4. The United States and the DPRK commit to recovering POW/MIA remains, including the immediate repatriation of those already identified.
In subsequent comments, Trump stated repeatedly that his expectation is total denuclearization, presumably including inspections and verification, before which no sanctions relief would arrive. (Is this what Kim has in mind, too? We don’t know.)
There’s a lot more in this exchange with George Stephanopoulos (emphasis added)…
GS: What other kinds of security guarantees did you offer, did you put on the table?
Trump: Well, we’ve given him, I don’t wanna talk about it specifically, but we’ve given him, he’s going to be happy. His country does love him. His people, you see the fervor. They have a great fervor. They’re gonna put it together, and I think they’re going to end up with a very strong country, and a country which has people — that they’re so hard working, so industrious. I think if you look at South Korea, someday, maybe in the not too distant future, it will be something that.
What jumps out first is Trump’s claim that Kim is loved by his people and that they have great “fervor” for him. That’s quite a statement since the only thing we see out of North Korea are the cult of personality type public rallies where people scream and weep and cheer for the leader in a kind of whipped up or feigned delirium. This seems in line with Trump’s general support and praise for dictators and autocrats.
But there’s a second part of this exchange. He seems to imply that he offered Kim some sort of secret or unofficial security guarantees. Indeed, he says this explicitly. What were they?
Notably, even Ben Shapiro is throwing water on the right wing victory lap.
“If you thought of the flag that was next to the American flag as a Nazi flag rather than a North Korean flag, everybody would see the concern. This is slave state with 25 million prisoners and gulag system hundreds of thousands people wide. The president’s praise for the dictator of North Korea was disquieting. The triumphalism that seems to be appearing in so many places this morning, where everybody is excited that President Trump met with Kim, that’s not justified by the outcome yet.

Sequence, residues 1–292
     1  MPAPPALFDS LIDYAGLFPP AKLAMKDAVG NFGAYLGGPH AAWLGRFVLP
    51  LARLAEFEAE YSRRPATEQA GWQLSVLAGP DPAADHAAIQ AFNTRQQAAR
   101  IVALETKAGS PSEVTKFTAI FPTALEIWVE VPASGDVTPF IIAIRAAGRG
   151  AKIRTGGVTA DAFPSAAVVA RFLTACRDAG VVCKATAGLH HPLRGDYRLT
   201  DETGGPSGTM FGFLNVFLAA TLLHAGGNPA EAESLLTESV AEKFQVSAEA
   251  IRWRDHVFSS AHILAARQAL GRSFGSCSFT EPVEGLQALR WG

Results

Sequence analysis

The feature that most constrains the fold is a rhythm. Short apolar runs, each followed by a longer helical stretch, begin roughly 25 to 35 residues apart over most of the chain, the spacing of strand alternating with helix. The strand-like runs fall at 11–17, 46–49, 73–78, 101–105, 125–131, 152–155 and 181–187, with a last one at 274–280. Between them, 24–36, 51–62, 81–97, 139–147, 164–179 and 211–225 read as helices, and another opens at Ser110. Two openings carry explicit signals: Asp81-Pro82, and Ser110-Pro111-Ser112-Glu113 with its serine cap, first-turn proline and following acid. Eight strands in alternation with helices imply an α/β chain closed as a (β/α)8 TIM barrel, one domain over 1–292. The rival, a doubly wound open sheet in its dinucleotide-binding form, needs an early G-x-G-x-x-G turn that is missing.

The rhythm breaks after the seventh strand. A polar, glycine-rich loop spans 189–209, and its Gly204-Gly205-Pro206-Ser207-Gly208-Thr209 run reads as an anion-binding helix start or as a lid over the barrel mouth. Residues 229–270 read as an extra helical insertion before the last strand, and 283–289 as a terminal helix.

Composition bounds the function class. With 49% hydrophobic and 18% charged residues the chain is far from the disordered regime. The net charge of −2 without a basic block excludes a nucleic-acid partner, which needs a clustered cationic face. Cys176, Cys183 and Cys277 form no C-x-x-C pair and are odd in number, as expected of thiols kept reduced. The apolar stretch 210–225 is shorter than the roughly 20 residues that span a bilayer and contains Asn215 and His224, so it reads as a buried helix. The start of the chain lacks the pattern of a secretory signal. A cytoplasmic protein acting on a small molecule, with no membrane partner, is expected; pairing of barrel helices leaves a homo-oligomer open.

“The piece of paper that got signed yesterday is frankly weak. This is not a strong piece of paper. I’m deeply skeptical that Kim Jong Un and President Trump are going to be besties and that this will suddenly change the world. But I’m happy to be proved wrong.” – Ben Shapiro, speaking today on Fox & Friends.
— FOX & friends (@foxandfriends) June 12, 2018
Lindsay Graham has a few issues:
“I don’t think cancelling a war game is going to matter over the arc of time. One thing I would violently disagree with is removing our troops. I can’t imagine I would vote for any agreement that requires us to withdraw our forces. That would destabilize Asia. That is what China wants. That doesn’t make the world more peaceful, it makes it more dangerous. The goal is for them to give us the weapons program, missiles and bombs in return for security and prosperity.”
– Sen. Lindsey Graham, speaking this morning to NBC News.
And Erick Erickson, son of Erick (after some liberal-bashing to show he’s still a red meat conservative) writes:
The whole design of this is offensive. The President pees in the punch bowl of the G7, insists the Russians come back into the organization, then flies off to Singapore to make kissy face with a man who routinely murders his own people.
Had Barack Obama done that, Republicans would be demanding his impeachment.
I generally think Donald Trump has run a pretty mature foreign policy that works for American interests. But this past week has been a diplomatic farce, and I suspect those generic ballot numbers that have had Democrats panicking are suddenly going to swing back in their direction.
Having the American President abdicate his leadership of the G7 to flirt with a communist monster is unacceptable. Diplomacy to get rid of North Korea’s nukes would be great. But that’s not what happened. Instead, we gave the North Koreans a considerable PR win in Asia, gave them credibility in South Korea, and came home with just a participation trophy.
Maybe what happened in Singapore doesn’t matter, because (as usual) the Trump Administration can’t even come to a consensus as to what happened:
Less than 24 hours and already there are two versions of what happened. In one, NK called the Chinese to tell them Trump agreed military exercises would cease. Now Pence is telling GOP senators those same exercises will not cease. https://t.co/TROZ2EQK6x
— Christina Wilkie (@christinawilkie) June 12, 2018